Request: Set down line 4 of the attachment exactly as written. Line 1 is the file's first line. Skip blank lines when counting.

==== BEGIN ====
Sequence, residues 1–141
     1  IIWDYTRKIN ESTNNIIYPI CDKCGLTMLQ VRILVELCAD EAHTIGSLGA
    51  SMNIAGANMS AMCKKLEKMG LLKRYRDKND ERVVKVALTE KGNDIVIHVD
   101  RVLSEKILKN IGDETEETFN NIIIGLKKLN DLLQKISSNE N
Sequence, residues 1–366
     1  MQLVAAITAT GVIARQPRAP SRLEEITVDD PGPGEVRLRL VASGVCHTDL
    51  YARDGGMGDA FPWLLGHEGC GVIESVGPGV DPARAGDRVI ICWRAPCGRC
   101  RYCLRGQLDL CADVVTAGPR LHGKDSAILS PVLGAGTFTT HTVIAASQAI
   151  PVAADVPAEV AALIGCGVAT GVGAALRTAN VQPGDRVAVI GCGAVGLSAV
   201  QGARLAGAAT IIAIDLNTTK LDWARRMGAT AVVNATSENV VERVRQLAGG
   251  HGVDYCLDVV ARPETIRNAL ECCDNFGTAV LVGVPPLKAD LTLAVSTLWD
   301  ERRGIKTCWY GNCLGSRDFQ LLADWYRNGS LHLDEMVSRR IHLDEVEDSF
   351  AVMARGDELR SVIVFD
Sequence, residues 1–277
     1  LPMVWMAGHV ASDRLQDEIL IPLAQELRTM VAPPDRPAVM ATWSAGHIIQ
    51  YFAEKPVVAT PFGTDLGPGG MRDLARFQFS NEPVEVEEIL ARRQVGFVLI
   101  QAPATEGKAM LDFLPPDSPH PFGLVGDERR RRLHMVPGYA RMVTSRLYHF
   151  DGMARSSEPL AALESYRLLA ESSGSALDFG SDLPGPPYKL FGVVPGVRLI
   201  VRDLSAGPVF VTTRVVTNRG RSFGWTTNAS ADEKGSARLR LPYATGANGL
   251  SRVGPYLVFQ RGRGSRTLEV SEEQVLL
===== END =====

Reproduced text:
   101  RVLSEKILKN IGDETEETFN NIIIGLKKLN DLLQKISSNE N